During university I started dating a beautiful girl who was in my grade. She was a daughter of parents who worked in the party’s central administration. I was already at the top of my class because I studied so well, but I focused my energy on successfully capturing her attention as well. Every Sunday we would take walks along the Daedong riverside or read books together in a library. But we went to another library outside our university because we wanted to avoid notice by all the people we knew at our school.
Though I was getting straight A’s, I was beginning to get anxious for graduation. No matter how good one’s grades are, without connections it is very difficult to get assigned to Pyongyang.
I asked the father of the girl I was dating to help me get up to Pyongyang. He told me not to worry and hinted that one of his pupils was an officer of the university’s executive management. Because the state is the force that allows us students to study, we must unconditionally go to where the university sends us.
However, one day the girl I was seeing came to me in tears. Her parents had suddenly told us to cut off all communication immediately. Her mother was very conservative and since she had already promised her daughter to a young man in the foreign affairs department she strongly opposed us meeting further.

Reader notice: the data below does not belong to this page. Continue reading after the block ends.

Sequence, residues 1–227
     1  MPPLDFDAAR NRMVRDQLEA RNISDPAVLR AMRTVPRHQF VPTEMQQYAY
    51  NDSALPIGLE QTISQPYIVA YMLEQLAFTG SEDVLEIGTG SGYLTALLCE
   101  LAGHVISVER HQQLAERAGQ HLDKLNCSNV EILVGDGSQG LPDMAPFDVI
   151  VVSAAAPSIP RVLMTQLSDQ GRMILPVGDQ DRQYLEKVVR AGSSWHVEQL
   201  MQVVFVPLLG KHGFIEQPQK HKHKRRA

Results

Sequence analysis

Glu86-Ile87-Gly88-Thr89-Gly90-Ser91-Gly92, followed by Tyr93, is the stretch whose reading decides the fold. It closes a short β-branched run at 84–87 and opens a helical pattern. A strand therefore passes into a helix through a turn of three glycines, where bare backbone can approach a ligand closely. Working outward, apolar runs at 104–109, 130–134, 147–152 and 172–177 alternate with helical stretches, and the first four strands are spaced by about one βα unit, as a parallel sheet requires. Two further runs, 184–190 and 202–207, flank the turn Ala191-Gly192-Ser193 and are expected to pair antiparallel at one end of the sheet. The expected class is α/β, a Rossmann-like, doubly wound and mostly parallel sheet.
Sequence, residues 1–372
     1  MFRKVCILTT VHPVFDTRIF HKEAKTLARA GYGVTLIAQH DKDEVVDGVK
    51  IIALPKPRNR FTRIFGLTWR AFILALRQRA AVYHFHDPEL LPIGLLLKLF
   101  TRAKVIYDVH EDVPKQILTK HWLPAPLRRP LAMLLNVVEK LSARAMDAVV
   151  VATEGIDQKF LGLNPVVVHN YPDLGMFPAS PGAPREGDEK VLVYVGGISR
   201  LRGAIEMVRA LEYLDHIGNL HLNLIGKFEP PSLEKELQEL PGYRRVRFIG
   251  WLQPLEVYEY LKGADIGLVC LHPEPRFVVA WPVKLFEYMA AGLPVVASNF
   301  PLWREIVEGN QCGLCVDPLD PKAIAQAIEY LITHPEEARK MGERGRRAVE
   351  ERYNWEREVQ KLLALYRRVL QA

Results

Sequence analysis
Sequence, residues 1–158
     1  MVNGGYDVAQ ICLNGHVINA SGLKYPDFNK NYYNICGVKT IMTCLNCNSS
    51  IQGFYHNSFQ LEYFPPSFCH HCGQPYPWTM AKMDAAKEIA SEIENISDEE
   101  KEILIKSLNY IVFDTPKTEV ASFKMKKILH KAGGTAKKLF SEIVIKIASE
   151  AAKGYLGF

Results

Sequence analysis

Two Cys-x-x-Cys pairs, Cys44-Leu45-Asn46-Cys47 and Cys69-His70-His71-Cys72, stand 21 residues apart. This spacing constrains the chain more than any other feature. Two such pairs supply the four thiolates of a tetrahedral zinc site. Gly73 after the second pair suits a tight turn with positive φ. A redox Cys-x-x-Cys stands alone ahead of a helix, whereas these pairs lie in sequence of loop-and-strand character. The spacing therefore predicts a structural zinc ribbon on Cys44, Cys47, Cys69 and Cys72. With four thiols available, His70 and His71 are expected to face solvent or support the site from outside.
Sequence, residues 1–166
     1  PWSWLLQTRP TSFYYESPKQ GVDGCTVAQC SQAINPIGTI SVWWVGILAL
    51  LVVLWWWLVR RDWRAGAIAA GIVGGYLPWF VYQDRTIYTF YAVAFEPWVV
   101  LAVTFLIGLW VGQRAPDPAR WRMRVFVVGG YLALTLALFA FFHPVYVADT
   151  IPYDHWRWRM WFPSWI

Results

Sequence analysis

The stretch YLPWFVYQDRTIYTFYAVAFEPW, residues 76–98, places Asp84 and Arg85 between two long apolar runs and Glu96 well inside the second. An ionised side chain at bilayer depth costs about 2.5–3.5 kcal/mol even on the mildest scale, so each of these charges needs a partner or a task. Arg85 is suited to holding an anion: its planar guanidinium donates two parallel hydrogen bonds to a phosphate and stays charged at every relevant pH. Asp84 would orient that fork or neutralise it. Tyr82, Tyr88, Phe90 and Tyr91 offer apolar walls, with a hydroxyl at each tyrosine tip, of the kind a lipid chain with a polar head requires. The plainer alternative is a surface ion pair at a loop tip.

My girlfriend said if she couldn’t marry me she would rather die. She ran away from home. Her parents threatened they would force me to withdraw from university if I didn’t give up my pursuit of their daughter; they were well-connected enough to do just that.
I was torn apart not just from the girl I loved, but also from the dreams I had of doing scientific research in Pyongyang. From that day forward I began to feel disillusionment about the system. I realized that it discriminated against people according to their social rank.
The person her parents were targeting for her daughter would be a foreign ambassador, while my future was likely to be a professor at a university. In South Korea university professors have a very prestigious position, but in North Korea intellectuals are looked down upon.
After splitting up with that girl, I eventually found out from my friends the true reason why my girlfriend’s mother disapproved of me. She was a manager of a foreign currency exchange centre and she dealt in a lot of American Dollars and Yen. A foreign ambassador as a husband for her daughter was particularly attractive because when ambassadors go to a foreign country, they are typically paid in dollars.
I found out that her mother made her daughter marry, despite her opposition, a foreign ambassador that she met through a high official in the government. If that man was successful he would be able to take her daughter abroad to live.
On the other hand, if I became a professor I would be buried in books and never be able to go abroad while earning a pittance of a salary. Furthermore because I wasn’t a man of Pyonyang, but of Hamheung, I would always be faced with obstacles restricting my career development.
An affluent but lonely period